Re-reading Emily: L.M. Montgomery, Again

Exploring a coffee shop near Riverdale Park last week, I started a conversation with a young woman reading at the communal table in the back, while I waited for Mr. BIP who was waiting for the coffees (he was enjoying the view across the park and greeting the four-legged companions waiting near the door).

Emilys Quest StackNot that I am usually the person who interrupts the reading person, but I had tried too many times – unsuccessfully – to peek at the cover, enough times to catch her eye, and I felt I had to ‘fess up about my curiosity.

Apparently she was uncomfortable being seen reading a children’s book, but every year, when she finishes her academic year, she rereads the C.S. Lewis Narnia series.

That’s just what I used to do with L.M. Montgomery’s books, most often the Anne series. Although I read them during those years, too, while preparing for exams, whenever times were stressful. So Naomi’s idea of rereading the Emily books was a lovely one, from the beginning.

On this rereading, I was most struck by the sense of what matters in stories and why they continue to matter, in Emily’s world, in L.M. Montgomery’s world, and in my own wordy world. One of the reasons that I have returned to L.M. Montgomery’s stories so often is the idea that she cares about nothing happening.

In Emily Climbs (1925), Emily is offended by Mrs. Alec Sawyer’s declaration: “The idea of saying ‘nothing ever happens here!” She retorts in her diary. Which is where all the important things about nothing get said. There she is, determinedly believing that “folks here are interesting in themselves” but putting all those interesting things into a notebook, keeping them to herself.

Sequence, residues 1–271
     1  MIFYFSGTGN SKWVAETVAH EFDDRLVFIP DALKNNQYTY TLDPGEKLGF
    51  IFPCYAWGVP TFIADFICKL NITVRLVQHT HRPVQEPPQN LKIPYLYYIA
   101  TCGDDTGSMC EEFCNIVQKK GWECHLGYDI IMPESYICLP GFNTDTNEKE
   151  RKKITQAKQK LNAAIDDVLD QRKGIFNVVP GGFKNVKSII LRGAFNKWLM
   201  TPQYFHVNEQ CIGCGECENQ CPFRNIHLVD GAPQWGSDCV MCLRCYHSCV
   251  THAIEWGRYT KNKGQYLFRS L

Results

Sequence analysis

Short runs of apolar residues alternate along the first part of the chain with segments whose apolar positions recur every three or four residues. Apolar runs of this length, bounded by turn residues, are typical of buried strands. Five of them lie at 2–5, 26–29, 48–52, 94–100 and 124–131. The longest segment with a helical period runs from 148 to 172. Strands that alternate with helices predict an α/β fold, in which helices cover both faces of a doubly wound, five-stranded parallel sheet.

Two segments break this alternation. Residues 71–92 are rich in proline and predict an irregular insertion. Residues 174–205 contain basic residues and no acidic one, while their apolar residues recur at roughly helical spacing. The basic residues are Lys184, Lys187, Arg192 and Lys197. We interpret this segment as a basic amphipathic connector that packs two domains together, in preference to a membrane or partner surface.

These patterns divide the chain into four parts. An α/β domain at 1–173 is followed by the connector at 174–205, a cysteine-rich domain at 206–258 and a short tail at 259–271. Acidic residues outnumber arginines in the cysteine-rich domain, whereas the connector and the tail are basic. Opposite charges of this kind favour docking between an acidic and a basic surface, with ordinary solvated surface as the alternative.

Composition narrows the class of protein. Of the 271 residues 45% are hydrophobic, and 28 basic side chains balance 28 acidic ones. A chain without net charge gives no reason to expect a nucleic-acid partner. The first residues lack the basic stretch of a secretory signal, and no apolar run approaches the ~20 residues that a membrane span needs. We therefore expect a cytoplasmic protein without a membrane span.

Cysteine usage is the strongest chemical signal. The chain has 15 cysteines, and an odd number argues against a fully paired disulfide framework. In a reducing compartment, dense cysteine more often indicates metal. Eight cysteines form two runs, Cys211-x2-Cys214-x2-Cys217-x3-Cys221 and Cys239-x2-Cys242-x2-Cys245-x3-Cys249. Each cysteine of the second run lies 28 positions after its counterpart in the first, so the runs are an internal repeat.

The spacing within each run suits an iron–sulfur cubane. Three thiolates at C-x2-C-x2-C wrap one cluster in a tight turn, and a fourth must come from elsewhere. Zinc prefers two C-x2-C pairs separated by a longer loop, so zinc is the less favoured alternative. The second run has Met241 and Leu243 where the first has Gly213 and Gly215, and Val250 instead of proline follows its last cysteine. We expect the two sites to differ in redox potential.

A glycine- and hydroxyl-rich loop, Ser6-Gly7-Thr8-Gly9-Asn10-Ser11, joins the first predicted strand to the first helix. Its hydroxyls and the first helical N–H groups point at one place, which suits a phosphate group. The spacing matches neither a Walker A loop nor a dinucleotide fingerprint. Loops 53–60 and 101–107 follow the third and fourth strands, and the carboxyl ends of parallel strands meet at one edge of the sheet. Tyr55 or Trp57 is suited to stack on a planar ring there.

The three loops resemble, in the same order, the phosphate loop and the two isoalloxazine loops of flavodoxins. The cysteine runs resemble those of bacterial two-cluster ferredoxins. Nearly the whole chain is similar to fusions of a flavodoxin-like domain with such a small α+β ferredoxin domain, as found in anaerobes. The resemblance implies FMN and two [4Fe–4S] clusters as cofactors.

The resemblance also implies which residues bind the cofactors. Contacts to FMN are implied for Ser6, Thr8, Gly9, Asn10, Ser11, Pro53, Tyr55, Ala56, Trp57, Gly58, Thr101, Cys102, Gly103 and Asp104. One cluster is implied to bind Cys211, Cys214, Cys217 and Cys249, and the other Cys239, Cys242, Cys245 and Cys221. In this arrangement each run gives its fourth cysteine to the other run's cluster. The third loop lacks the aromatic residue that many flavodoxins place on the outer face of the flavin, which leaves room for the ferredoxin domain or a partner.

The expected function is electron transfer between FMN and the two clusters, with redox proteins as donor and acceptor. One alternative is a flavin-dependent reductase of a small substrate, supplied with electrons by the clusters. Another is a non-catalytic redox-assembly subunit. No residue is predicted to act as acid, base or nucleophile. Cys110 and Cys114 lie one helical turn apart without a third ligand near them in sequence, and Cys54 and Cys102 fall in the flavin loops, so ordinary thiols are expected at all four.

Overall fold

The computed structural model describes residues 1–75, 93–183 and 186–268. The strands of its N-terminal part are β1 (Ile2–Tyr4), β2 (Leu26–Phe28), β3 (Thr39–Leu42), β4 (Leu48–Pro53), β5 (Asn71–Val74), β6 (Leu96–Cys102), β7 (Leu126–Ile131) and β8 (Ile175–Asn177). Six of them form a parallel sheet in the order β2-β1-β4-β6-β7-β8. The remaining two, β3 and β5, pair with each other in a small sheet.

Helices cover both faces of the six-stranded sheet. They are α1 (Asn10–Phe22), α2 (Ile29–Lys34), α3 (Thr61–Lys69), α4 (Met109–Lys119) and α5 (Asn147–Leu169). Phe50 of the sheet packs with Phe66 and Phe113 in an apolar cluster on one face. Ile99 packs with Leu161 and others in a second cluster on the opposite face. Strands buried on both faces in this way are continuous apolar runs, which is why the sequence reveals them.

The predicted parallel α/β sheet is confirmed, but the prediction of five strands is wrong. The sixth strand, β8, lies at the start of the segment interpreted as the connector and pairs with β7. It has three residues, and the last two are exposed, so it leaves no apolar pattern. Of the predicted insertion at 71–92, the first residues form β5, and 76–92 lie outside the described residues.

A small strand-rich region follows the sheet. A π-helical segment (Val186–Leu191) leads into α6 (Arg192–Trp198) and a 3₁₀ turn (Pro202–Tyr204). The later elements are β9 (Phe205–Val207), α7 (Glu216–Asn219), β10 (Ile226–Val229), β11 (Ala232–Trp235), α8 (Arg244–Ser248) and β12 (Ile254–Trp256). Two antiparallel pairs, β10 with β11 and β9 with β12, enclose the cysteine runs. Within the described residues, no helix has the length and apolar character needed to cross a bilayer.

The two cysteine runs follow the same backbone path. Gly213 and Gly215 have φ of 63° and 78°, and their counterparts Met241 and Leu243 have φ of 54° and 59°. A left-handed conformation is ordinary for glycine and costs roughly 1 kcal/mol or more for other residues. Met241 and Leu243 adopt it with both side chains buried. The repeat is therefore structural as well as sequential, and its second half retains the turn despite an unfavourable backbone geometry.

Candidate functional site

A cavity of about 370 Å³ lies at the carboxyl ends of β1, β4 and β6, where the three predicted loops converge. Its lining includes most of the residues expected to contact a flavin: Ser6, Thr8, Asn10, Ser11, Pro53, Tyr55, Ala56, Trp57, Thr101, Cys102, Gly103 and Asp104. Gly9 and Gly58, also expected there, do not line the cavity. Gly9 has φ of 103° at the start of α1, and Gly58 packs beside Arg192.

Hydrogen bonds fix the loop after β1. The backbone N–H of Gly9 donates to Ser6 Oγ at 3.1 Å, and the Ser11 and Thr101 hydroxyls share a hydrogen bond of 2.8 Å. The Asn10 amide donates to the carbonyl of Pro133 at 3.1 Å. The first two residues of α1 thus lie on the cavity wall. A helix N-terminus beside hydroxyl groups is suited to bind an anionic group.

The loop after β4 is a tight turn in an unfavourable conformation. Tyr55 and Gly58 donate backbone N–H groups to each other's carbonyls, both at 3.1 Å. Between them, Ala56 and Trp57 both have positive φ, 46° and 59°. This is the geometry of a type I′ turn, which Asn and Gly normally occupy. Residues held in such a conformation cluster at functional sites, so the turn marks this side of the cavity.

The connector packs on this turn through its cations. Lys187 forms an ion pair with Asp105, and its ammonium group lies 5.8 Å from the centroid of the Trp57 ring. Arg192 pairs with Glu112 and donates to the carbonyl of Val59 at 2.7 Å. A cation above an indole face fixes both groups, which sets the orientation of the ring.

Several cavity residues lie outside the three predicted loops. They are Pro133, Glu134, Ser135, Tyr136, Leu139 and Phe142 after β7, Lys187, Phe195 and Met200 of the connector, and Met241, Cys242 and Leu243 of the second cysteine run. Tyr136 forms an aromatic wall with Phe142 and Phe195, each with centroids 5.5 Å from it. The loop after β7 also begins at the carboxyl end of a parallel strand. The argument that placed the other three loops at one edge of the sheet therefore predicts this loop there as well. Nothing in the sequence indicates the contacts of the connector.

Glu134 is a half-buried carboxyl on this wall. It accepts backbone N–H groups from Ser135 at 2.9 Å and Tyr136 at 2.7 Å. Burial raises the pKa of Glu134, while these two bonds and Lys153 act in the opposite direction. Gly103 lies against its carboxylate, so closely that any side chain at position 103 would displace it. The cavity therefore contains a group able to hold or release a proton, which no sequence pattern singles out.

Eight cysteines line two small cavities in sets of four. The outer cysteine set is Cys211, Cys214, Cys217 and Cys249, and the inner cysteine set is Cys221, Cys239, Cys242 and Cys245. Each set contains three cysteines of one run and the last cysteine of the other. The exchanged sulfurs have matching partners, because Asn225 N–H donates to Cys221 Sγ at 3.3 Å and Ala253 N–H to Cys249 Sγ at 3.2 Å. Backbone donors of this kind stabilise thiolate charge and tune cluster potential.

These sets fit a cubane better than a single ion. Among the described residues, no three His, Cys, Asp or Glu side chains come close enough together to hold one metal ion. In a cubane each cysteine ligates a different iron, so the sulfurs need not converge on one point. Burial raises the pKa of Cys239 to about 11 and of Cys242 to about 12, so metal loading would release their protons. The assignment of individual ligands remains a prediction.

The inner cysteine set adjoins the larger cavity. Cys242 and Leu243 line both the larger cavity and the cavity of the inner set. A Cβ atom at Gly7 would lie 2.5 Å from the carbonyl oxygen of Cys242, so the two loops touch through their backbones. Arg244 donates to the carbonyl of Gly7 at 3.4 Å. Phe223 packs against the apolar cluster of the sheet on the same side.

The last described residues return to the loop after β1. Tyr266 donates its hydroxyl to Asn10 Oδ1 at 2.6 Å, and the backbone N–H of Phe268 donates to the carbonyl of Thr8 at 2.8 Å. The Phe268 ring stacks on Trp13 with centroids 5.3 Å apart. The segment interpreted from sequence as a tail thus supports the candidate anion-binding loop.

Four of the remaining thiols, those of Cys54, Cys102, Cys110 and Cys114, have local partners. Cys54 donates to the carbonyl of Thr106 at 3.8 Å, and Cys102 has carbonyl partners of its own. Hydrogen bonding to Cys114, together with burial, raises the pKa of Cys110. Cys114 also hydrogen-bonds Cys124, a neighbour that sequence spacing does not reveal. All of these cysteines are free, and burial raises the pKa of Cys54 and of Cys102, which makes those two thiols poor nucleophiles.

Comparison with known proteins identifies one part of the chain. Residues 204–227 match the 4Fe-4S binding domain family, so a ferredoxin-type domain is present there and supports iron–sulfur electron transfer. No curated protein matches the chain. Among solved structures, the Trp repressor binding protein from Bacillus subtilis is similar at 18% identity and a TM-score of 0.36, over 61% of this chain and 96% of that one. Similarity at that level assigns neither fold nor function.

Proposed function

But in the final volume, she stretches her voice; even though she continues to be enamoured with more melodramatic tales (and continues to overuse italics), Emily uses the stuff of everyday to craft tales, because the stuff of everyday is tale enough.

Above all, the Emily books show Emily developing into a tale-teller, more boldly than Little Women‘s Jo March (if not as boldly as Virginia Woolf in A Room of One’s Own, which would be published just a couple of years later).

When I was a girl, I reread Emily of New Moon (1923) because girl-Emily appealed to me and I eschewed the other two books, in which girl-Emily becomes interested in boys. As an adult I reread Emily of New Moon intending to read on, but even though I still loved so many things about girl-Emily (her cats, her friends, her scribbling, her home) she became less believable to me for a rather superficial reason (and I usually did not read on, my copies of the second and third volume looking nearly-new).

Girl-Emily is a terrible speller and this pretense on the author’s part breaks the spell for me, because this pretend young Emily doesn’t mess about with her grammar to the same extent as her spelling, and also it’s wrong, the way she gets spelling wrong: I just can’t believe that a kid would misspell ‘knight’ but still include the silent ‘k’ in the misspelling. Her letters to her father are interspersed throughout the novel, allowing a more personal glimpse into her feelings and thoughts, but they leave me feeling further away.

Having read the author’s journals only contributes to the sense of fracture for me, because so many elements of LMM’s experience in this series are reflected in Emily’s quandaries. Like Emily, LMM had a series of beaus, but she ultimately married for practical reasons, and she did not find contentment in her marriage. Her own journals, which she rewrote later in life, believing that they would be read after her death (and, so, presumably shaped to cover the worst bouts of depression) reveal the same kind of angst and disappointment.